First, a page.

The majority of the temporary dispensing restrictions placed upon Government-funded medicine will be removed on Saturday.

The restrictions were brought in on March 27 by pharmaceutical management agency Pharmac to manage medicine supply, decreasing the three-months' supply to four weeks.

Much like toilet paper and canned goods, medicines were at great risk of being hoarded by frantic stockpilers during the Covid-19 outbreak. The majority of New Zealand's medicines are brought in from overseas suppliers and this has led to difficulties regarding restocking.

"We are removing the dispensing restrictions for most medicines because, following consultation with suppliers, distributors and wholesalers, we are now confident that there is sufficient stock in New Zealand to support this change," said Pharmac's director of operations Lisa Williams.


"Medicines that were on monthly dispensing before 27th March 2020 will of course also continue to be dispensed monthly." Pharmac states that this includes paracetamol.

"We are giving three weeks' notice because we know the sector (suppliers, wholesalers, distributors and pharmacies) need time to prepare for the return to all-at-once dispensing," said Williams.

While pharmacists will be able to return to dispensing three months' supply all at once for the majority of medicines, some restrictions do remain on others.

Covid-19 continues to disrupt supply chains and manufacturing around the world and, with much of the country's pharmaceuticals being sourced from overseas, there will be some continuing problems with supply.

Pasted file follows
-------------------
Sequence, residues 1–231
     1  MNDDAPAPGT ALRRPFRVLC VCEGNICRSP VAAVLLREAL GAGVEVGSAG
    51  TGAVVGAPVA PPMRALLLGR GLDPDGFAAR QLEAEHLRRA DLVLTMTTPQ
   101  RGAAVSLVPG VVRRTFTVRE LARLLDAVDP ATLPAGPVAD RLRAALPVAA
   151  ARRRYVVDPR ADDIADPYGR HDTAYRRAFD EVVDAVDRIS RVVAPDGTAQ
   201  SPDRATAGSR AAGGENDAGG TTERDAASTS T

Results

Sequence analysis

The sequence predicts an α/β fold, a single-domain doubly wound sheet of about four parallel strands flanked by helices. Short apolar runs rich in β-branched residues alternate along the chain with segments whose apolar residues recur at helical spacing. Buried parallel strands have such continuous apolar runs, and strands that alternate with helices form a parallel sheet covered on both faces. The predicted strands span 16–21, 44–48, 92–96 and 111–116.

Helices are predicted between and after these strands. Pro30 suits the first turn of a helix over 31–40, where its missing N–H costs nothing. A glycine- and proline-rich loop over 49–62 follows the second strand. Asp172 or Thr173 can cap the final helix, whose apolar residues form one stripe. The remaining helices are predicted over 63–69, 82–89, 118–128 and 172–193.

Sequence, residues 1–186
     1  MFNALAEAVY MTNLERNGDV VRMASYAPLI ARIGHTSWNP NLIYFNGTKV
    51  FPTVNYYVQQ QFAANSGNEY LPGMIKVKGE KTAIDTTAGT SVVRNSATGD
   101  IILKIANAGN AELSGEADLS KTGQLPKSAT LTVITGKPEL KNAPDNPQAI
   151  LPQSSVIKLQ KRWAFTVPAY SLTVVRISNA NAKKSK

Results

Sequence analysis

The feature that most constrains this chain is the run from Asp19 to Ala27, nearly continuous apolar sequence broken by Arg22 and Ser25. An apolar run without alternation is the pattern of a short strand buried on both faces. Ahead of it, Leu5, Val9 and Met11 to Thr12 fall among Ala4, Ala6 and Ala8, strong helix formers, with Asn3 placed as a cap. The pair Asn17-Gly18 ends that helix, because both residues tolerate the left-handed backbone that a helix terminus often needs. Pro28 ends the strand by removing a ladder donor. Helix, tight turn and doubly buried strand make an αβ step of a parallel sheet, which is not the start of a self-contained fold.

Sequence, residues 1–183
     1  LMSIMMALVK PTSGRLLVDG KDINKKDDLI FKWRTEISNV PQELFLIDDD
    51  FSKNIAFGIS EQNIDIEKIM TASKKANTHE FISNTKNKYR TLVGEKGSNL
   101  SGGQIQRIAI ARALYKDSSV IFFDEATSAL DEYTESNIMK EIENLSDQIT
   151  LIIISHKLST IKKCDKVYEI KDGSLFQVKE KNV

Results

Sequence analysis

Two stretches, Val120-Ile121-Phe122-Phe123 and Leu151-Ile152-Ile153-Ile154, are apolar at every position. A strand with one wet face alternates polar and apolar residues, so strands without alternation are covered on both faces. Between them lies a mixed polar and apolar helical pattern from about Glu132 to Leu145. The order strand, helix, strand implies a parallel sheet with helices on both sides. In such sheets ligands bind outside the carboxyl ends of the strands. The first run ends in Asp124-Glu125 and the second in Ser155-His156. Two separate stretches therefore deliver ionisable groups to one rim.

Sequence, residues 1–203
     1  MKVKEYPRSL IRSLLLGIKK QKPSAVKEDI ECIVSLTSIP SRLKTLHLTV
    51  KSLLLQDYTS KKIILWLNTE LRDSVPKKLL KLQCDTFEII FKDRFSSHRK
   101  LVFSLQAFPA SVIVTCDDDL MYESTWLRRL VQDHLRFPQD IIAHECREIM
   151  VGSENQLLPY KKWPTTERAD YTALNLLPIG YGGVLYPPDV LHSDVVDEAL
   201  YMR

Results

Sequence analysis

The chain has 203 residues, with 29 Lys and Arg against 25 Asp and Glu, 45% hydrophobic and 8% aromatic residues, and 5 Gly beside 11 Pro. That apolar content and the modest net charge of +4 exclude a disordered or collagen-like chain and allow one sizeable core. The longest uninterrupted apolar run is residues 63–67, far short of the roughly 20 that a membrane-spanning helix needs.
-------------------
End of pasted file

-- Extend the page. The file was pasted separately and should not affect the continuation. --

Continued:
Returning to all at once dispensing for all medicines is dependent on having enough stock available in New Zealand, and supply chains for each medicine being robust, said WIlliams.

The medicines that will remain on restricted dispensing due to supply issues include Amlodipine, Clomipramine, Cyproterone acetate, Ibuprofen, Ipratropium, Nicotinic acid, Oestradiol, Potassium iodate, Sulfasalazine, Terazosin, Tranexamic Acid and Tranylcypromine sulphate. Sertraline will return to all-at-once dispensing on October 1.

Initially there was anxiety among patients, said Medical Director Dr Bryan Betty from the Royal NZ College of General Practitioners.

"Some patients didn't understand at first that there was a four week limit. They also had concerns they would be charged for a monthly pick-up, although this wasn't the case."


"It should be noted though that this misunderstanding came early into level 4 lockdown at a time when people were hearing a lot of information and had heightened fears and uncertainties around their health."

Betty said that the measures taken may have been inconvenient for patients, but that "maintaining a supply of medication is critically important for the community health sector and patients, so the monthly dispensing was necessary to manage medication supply disruption."

According to Pharmacist Samantha Tibshraeny, from Richmond Road Pharmacy, customers have been more than happy to comply with the new restrictions.

"Having the restrictions of one-month dispensing was completely necessary," she said, "and consumers understand that."

"Most people were just asking questions, wanting to learn more about the situation."

Tibshraeny does admit that Covid-19 and the resulting dispensary restrictions has been "putting huge pressure on pharmacies."


"Our workload has tripled, but that's just the way things go. It's been a difficult year for everybody."

The issues that General Practitioners dealt with during this time were all around learning new processes during the pandemic lockdown, said Betty.

"There was a move to electronic e-prescribing during lockdown, but uptake was variable due to some teething issues. Many practices also had to fax scripts to pharmacies to ensure there wasn't direct patient contact with the paper scripts, which could be a vector for transmitting any potential infection."

In terms of the restrictions being lifted, many patients will be relieved to not have to repeatedly visit the pharmacy but "nothing will change in terms of how they interact with GPs for prescriptions," said Betty.

Pharmac stresses that there is no need for New Zealanders to stockpile medicines at home. They are working "closely with suppliers to ensure that New Zealanders have uninterrupted access to the medicines they need."